Washington Week was Life-Changing Experience for Undergrad Student
AACTE’s Washington Week was a “a life-changing experience.” The event was a revelation that highlighted the courageous leadership we have within our nation. These leaders are devoted and determined to make sure education is not forgotten nor are educators overlooked. I have always had respect for the leaders that made the decision to go into education. I have even more appreciation for those who do not sweep the issues in education under the rug and tell it like it is.
It was an honor to hear from Lodriguez Murray, senior vice president of public policy at the United Negro College Fund. Murray’s session titled, Educator Diversity: Enhancing the Black Teacher Pipeline through Public Policy, gave me more insight on the things I was not too familiar with when it came to historically black colleges and universities (HBCUs). Murray discussed the Augustus Hawkins Program, which in 2022 is the first year this program is being funded despite it being passed and signed into law in 2008 by President George W. Bush. The Honorable Augustus Hawkins Centers for Excellence public law is intended to increase the number of effective minority educators by expanding and reforming teacher education programs at minority-serving institutions (MSIs). A few short years after the legislation was passed, President Obama, in 2011, proposed for the Center to be funded at $40 million, although it was not passed in his approved FY2012 budget. Since then, the Biden administration FY2022 budget has been approved to include $40 million for the program.
I was honored to participate in Washington Week and be amongst peers, scholars, and advocates who are fighting and making sacrifices every single day for children to have a better education and safe environment. It was also heartwarming to know our nation’s leaders are willing to stand up and fight for a policy that can open a lot of doors to good things and bring more positive than negative into the world. The discussions that took place during our breakout sessions will live on forever and are something we can carry on with us to inform others. Discussions over topics like “Why it is important to get involved in the educational issues” served to demonstrate why it is important to not give up and walk away from the educational field because you feel it is too tough, or no one is listening. Trust me, when you keep fighting for something, never backing down, you will be heard, and action will be taken.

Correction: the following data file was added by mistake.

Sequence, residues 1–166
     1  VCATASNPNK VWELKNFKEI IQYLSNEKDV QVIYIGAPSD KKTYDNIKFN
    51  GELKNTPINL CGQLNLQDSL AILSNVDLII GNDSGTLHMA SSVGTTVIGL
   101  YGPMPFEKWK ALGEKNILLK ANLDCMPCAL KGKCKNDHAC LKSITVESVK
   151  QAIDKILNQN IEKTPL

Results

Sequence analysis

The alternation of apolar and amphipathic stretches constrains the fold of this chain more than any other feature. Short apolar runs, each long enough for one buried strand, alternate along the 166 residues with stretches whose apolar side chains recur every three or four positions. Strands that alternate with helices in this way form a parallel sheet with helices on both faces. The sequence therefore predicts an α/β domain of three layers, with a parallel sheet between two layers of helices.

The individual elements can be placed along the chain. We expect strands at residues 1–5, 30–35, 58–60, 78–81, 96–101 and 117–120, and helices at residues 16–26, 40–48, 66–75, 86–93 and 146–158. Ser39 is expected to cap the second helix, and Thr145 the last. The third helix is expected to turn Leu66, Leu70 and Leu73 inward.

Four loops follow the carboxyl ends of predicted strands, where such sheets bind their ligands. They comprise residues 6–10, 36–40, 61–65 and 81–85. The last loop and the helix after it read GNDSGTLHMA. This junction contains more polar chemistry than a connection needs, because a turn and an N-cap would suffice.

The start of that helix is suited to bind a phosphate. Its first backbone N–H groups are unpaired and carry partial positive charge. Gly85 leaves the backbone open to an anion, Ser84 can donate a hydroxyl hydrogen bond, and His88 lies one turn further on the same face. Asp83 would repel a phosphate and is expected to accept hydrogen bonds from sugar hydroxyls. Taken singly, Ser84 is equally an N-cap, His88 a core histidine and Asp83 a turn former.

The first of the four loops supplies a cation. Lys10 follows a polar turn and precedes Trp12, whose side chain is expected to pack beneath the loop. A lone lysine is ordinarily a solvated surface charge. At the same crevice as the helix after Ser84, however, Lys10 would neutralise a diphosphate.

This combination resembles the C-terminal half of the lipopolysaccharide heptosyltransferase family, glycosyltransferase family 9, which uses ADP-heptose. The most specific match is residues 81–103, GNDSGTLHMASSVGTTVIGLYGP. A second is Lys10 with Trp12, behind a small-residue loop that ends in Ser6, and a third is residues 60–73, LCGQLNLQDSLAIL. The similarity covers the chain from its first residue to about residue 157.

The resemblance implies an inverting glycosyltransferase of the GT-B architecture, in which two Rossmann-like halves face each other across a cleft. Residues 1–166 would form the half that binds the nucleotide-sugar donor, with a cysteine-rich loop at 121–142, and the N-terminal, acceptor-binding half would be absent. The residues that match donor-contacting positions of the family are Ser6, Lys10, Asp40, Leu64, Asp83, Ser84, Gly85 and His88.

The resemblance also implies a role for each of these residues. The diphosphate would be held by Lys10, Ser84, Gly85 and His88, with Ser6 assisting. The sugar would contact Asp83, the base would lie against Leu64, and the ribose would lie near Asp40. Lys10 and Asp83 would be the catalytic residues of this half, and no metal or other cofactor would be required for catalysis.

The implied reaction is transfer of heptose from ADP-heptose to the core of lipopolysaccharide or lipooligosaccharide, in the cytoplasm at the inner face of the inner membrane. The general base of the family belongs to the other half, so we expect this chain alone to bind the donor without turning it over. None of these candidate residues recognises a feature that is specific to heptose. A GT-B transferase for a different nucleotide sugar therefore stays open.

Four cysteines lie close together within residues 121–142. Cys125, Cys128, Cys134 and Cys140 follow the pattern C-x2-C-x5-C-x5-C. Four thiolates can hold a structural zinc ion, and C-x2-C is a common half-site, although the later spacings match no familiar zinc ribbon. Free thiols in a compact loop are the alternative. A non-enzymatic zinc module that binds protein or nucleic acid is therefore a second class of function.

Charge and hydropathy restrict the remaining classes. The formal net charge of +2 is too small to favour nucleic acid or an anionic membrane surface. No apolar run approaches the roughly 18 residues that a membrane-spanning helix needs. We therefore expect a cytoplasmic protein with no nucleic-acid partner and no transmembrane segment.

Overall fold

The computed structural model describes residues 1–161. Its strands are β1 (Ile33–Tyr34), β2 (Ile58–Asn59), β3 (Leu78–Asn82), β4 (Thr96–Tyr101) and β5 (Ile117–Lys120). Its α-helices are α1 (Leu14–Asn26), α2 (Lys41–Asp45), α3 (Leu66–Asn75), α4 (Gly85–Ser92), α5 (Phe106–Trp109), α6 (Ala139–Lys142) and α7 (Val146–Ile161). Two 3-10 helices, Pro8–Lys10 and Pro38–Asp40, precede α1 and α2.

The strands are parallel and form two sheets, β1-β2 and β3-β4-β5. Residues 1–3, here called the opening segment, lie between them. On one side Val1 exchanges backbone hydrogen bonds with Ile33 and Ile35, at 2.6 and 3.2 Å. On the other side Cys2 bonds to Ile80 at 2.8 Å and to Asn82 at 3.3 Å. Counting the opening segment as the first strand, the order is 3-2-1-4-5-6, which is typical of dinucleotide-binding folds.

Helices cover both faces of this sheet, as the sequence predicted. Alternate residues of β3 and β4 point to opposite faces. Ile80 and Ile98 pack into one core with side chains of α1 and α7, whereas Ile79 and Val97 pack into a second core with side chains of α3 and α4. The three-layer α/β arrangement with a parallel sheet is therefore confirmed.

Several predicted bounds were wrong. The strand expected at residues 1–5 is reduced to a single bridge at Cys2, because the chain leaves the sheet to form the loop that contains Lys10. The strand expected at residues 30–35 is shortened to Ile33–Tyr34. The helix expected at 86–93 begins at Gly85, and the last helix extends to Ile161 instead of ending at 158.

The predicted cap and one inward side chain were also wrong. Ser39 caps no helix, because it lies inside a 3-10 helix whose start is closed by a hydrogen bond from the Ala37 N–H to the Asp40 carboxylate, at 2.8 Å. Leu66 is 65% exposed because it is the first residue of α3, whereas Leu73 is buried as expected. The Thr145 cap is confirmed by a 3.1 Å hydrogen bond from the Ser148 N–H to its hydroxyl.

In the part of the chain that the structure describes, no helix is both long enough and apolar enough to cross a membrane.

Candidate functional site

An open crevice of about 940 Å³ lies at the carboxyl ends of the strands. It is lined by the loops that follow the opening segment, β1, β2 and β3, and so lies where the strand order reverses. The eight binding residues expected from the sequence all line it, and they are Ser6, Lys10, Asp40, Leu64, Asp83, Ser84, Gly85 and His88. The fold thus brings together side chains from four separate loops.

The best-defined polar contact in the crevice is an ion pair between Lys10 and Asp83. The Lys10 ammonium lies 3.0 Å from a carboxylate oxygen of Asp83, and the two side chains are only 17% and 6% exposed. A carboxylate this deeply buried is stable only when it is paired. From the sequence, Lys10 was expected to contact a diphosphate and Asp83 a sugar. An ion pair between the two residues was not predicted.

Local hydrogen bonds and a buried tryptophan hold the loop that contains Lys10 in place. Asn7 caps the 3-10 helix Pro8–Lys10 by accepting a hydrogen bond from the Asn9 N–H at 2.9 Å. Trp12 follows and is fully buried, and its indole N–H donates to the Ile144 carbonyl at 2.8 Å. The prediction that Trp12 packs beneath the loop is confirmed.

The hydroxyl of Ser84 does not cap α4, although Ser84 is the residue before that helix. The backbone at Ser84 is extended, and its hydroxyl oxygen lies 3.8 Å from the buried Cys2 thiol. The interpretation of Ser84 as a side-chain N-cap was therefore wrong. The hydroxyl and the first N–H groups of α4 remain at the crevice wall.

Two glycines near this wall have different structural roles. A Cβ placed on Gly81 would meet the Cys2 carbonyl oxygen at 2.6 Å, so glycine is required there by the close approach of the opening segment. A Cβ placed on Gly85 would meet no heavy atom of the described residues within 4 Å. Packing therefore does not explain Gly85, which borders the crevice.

LaDerrington Baldwin is an undergraduate student at Sam Houston State University where he is pursuing a bachelor of science degree in education with a minor in special education EC- 6.
Tags: federal issues, Holmes Program, policy, Washington Week